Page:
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Paintings > Thangka > Arapachana Manjushri -Tibetan Buddhist Deity
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Arapachana Manjushri -Tibetan Buddhist Deity

Arapachana Manjushri -Tibetan Buddhist Deity

Arapachana Manjushri -Tibetan Buddhist Deity

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Tibetan Thangka Painting

Size of Painted Surface 11 inch X 14.8 inch
Size with Brocade 23 inch X 33.7 inch
Item Code:
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Arapachana Manjushri -Tibetan Buddhist Deity

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Manjushri is the Bodhisattva of Wisdom and Knowledge. He is actually the male embodiment of Perfection of wisdom and is second in importance only to Avalokiteshvara in Mahayana tradition. Manjushri's name, often translated as "Beautiful Glory", may equally accurately be translated as "Beautiful Goddess". In the Tantric understanding, Manjushri is recognized as fully enlightened Buddha. He manifests in highly esoteric forms, such as Yamantaka or Vajrabhairava and Dharmadhatu Vagishvara Manjushri also embodies the full enlightenment of Vairochana and manifests the entire Dharma, or teachings of Buddhism. Manjushri ensures that human will gain knowledge and insights provided have faith in the Dharma. He cleaves the clouds of ignorance with wisdom and brings light into darkness. This darkness has a double meaning, and is thus also spiritual darkness and ignorance.

Manjushri is the patron deity of Nepalese Buddhism. He is identified with the primordial Buddha Svayambhu and is the root teacher of Nepalese Buddhist Chakrasamvara practice. Moreover the cult of Manjushri is popular in Northern Buddhist countries. They conceived him in various forms and worshipped him with various mantras. Those, who could not form any conception of him according to Tantric rites, attained perfection only muttering his numerous mantras; he is believed to have been a wandering ascetic and the Gandavyuha Sutra records the tradition that he came out of Pratishthanakutagara and, accompanied by Bodhisattvas of his status and other divinities, led his journey to Dakshinapatha. Further it is also mentioned in the text about an assembly at Jetavana in which Manjushri, Samantabhadra, five thousand Bodhisattvas and Mahashravakas are said to have been present along with Buddha. A Chinese tradition records that Gautama Buddha informed Manjushri of his duty to turn the Wheel of Law for the salvation of the Chinese and choose Panchashira (five-peaked) mountain in Shan-si province in China as his place of manifestation. The association of Manjushri with China is also mentioned in the Svayambhu Purana in which it is mentioned that Manjushri was a great saint with many disciples and followers. He came from mount Panchashira, which was his abode, to Svayambhunath Kshetra in order to pay his respect to Adi Buddha who had manifested himself as a flame of fire on a mountain in lake Kalihrada, which is now the Nepal Valley. Manjushri erected a temple over the flame of fire and on a hillock and nearby he made his own abode, and also a vihara still known as the Manjupattana, for his disciples. He did many pious deeds there. He returned home after putting everything in proper order and soon attained the divine form of a Bodhisattva, leaving his mundane body behind. This tradition has led some scholars to propound the view that Manjushri was a historical character who brought civilization to Nepal from China. Arya- Manjusri-Mulakalpa and Sadhanamala describe a number of distinctive forms of the god for worship.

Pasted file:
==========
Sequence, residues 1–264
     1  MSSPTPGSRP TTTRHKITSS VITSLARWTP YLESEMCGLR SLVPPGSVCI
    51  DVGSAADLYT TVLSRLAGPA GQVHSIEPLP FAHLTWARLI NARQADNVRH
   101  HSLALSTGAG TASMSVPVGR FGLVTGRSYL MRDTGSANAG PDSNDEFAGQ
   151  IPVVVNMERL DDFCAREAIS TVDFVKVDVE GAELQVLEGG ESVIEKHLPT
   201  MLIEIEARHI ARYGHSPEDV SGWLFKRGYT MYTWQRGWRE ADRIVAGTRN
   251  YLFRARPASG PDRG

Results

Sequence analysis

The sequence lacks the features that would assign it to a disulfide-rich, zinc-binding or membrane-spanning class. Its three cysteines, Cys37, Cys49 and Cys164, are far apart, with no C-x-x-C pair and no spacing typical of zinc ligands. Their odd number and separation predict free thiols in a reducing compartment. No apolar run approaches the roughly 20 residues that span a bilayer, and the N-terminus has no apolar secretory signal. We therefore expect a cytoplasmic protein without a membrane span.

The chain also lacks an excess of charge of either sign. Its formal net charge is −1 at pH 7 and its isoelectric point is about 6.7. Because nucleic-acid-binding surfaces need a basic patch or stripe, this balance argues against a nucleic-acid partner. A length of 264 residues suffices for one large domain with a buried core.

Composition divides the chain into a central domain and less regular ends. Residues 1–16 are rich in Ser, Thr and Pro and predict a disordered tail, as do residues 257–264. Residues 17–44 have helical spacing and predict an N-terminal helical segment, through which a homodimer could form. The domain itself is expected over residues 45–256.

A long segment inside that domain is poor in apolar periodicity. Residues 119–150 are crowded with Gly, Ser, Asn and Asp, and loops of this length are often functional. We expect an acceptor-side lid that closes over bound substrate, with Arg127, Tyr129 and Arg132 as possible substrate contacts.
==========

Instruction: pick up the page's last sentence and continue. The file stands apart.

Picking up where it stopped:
The present form of Manjushri is known as Arapachana. In this form he is to seated in vajraparyankasana, the right hand upraised with the wisdom sword and the left holding a manuscript held near his chest. But in many manifestations as in the case of present painting he does not carry the book against the chest, but holds the stem of a lotus flower, which bears the book. In this painting ever graceful Manjushri is seated in vajraparyankasana on a moon disk on a lotus flower against a brilliant aureole and moon disk with natural vegetation. He has a smiling face and his body is painted golden instead of white or red, the contribution of this color bringing increased merit to the donor. His hair is partly upswept in a knot with decoration on it and partly falls on his shoulders. He is adorned with a jeweled crown with flowers and ornaments of a prince, flowing scarf and floral dhoti. One white silk scarf is tied diagonally in his left shoulder.

This description is by Dr. Shailendra K. Verma. His Doctorate thesis being: "Emergence and Evolution of the Buddha Image (From its inception to 8th century A.D.)".

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